It is only fitting that the intense activity in the lighting world about Light Emitting Diodes should generate a lexicon of pet phrases and buzz words that sends the onlooker to an Internet search. The one that got my attention was "droop." Somehow, it doesn't seem to fit the elegance surrounding the development of LEDs and Solid State Lighting (SSL). From the rather unglamorous sound of "droop," one might assume that it has a negative connotation. It does.
In the beginning, the early developers of LEDs thought that "white" could be obtained as theorized by Sir Isaac Newton—using three primary colors. Unfortunately, selecting three LEDs producing red, green and blue primary colors didn't work as envisioned due to the narrow spectrum produced by each primary source. There had to be a way to fill in the "holes" in the color spectrum when using these narrow spectrum sources. Adding additional LEDs to fill in the voids did result in an improved, but not perfect, white.
Meanwhile, enter the blue "white" LED. Invented by Shuji Nakamura, a well-known scientist in the SSL arena, it is a gallium nitride-based semiconductor, normally used to produce green to violet, as opposed to the more stable and common gallium-arsenide substrate used for red, orange and yellow. He developed a bright blue source and added a yellow phosphor as part of the device that irradiates the blue (like a fluorescent lamp) to create a "white."
Besides producing a more even spectrum distribution, it did it with better efficacy; in many cases, its performance was superior to the performance of a high lumens-per-watt arc source and vastly greater than an incandescent source. Current claims are as high as 250 lumens per watt for a "white" LED as compared to 100 lumens per watt for a fluorescent light source and 20+ lumens per watt for a 3200-degree kelvin studio lamp. The only rub with this "white" LED is the fact that there is a peak at the blue excite wavelength, one that has been shown to be acceptable in practice.
BACK TO THE DROOP
The "droop" appears as we attempt to increase the output of this "white" LED by passing more current through it. We reach a saturation point where the output actually decreases as we increase the energy in the device, and it "droops." As a result, the efficiency goes to pot. This has become a "cause célèbre" in the LED industry, with press releases being issued at a great rate claiming the "droop" has been conquered. It has reached a point where the business section of the "New York Times" recently had a long article titled "Engineers Take Aim at a Barrier in LED Technology." In this comprehensive article, there are a number of illustrations and discussions about "holes" and photons that attempt to explain the phenomenon and are perhaps of interest to physicists. For sanity's sake, I believe these explanations are best left to that group.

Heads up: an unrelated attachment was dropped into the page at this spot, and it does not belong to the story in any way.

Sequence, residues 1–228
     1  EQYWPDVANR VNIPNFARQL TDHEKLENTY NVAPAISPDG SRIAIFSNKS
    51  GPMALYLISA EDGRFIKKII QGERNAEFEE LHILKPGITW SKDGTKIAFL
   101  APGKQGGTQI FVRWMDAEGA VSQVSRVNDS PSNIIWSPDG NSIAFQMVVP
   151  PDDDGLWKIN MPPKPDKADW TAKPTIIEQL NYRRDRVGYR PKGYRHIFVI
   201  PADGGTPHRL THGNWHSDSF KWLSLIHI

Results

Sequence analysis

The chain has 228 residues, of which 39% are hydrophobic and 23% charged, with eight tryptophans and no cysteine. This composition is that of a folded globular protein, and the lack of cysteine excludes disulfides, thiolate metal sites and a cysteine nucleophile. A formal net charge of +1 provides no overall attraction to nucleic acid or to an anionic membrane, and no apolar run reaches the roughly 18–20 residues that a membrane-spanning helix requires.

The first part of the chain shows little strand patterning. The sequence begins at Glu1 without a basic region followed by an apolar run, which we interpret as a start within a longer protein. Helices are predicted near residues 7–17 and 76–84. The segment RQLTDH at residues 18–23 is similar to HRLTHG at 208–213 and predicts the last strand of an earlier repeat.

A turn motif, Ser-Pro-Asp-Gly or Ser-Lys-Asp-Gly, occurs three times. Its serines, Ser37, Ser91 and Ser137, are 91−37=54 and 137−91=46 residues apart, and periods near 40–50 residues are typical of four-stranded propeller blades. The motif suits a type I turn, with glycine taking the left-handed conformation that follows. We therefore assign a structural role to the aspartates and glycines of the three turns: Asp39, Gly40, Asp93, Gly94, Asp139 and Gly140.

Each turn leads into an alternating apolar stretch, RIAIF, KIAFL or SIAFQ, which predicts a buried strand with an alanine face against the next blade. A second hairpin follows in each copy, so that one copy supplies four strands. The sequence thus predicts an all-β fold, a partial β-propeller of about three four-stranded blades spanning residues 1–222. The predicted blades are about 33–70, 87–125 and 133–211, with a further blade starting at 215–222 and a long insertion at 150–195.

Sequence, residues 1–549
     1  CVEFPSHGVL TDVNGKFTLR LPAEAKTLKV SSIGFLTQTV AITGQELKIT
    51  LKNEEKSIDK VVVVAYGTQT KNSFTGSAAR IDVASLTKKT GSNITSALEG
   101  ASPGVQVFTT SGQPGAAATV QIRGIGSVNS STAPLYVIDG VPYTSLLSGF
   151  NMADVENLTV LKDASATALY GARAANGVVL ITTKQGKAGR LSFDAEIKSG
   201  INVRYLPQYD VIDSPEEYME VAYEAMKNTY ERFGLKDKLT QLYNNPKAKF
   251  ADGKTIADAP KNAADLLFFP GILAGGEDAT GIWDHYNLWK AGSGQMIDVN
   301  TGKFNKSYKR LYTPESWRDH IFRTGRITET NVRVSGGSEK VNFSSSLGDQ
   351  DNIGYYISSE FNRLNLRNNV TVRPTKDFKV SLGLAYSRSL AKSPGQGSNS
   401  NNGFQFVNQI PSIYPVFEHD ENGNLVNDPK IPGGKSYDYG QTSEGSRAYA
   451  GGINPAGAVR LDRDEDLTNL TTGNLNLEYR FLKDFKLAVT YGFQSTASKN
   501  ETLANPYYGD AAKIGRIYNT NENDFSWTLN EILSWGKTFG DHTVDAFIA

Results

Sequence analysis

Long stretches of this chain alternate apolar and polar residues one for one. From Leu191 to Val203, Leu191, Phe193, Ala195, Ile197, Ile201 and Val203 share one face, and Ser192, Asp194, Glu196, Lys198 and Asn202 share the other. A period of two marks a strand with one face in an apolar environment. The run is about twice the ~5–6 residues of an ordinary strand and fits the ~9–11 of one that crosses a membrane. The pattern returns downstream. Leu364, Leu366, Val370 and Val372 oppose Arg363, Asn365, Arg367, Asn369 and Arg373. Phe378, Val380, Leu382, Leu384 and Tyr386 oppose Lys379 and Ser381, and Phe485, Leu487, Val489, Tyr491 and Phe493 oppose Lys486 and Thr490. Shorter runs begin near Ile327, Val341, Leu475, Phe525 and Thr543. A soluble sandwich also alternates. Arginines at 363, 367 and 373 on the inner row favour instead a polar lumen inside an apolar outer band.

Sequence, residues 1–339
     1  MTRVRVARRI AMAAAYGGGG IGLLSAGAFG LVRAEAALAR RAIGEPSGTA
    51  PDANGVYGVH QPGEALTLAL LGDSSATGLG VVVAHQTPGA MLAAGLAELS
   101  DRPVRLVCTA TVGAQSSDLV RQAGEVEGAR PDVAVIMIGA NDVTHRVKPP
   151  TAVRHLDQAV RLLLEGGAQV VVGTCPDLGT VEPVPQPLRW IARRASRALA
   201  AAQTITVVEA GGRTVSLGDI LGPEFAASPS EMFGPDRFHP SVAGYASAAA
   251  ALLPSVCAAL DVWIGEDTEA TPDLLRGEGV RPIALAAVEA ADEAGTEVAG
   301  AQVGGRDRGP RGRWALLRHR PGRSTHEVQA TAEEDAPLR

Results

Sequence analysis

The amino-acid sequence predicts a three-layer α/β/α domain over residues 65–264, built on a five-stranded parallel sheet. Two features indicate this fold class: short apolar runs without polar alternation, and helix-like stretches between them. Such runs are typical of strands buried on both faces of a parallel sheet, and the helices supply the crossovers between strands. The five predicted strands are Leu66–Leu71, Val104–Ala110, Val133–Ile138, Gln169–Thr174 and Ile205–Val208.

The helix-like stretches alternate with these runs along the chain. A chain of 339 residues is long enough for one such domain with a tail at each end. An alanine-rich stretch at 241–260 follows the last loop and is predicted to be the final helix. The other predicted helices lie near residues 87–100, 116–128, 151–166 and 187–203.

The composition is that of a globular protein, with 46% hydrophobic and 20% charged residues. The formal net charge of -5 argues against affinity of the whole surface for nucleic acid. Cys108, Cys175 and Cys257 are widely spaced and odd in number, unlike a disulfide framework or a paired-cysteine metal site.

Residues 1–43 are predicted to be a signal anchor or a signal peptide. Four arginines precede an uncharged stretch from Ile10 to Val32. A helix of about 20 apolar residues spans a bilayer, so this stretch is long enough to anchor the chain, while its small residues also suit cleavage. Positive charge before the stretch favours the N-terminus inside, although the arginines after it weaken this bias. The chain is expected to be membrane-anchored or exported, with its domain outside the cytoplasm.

Do not despair. Clever and practical fixture manufacturers have helped this restriction by employing a very common-sense design approach. They have wisely increased the number of "white" high-efficiency, lower-wattage devices to obtain the light output that we need, while retaining the efficacy of a high-performance LED. This has provided us with workable fixtures emitting a "white" light that is usable. We will have to wait for the benefits of the single high-powered white LED with a small source size to be used in collimated fixtures until the "barrier" is breached. Hopefully, time will also bring the cost down as manufacturing methods are refined and demand increases.
GETTING THE LUMENS WHERE YOU WANT THEM
Fig. Diagram of cross section of a collimating total internal reflectance lens (TIR).
In its standard configuration, the LED emitter is actually a flat surface that radiates light in a hemispherical pattern. It behaves like a Lambert surface in that if you observe the brightness (luminance) of the source, it appears as the same brightness from every viewing angle of the hemisphere. As is true of any light source, for efficient utilization of the light output we want to direct the light into a narrower, more concentrative cone; in other words, we want to make the "fixture" as efficient as possible. A traditional light source, as an incandescent filament, delivers its light in a spherical pattern. In many incandescent fixture configurations, we strive, with limited success, to capture the light going out the back of the lamp by means of a reflector that attempts to place this light on the same path of the direct light from the front. Trying to reflect light from the flat emitting surface of an LED is even more difficult than from a filament because it becomes impossible to contain much of the errant rays of light. Coupled with the fact that the light output from an LED is low, this barrier has disheartened fixture designers and users from the outset.
An interesting method to obtain greater efficiency for sources attempting to create a more directed output (more collimated, if you will) has been the use of Total Internal Reflection (TIR) Optics. The LED surface is fitted with a plastic "lens" that, because of its shape, optically gathers and redirects the light more effectively into a fixed beam angle. The resulting efficiency can double the amount obtained with a simple reflector—with much less light outside the beam. This method has been applied to entertainment fixtures with some success. The downside is that the beam angle is fixed and not adjustable.
The ability to get LED fixtures close to the fixture performance that we are familiar with would still appear to remain elusive. But, then again, there have been successful (and welcome) exceptions that contradict this statement. These exceptions, ones that actually work, give us hope for the future.
Bill Klages would like to extend an invitation to all the lighting people out there to give him your thoughts at email@example.com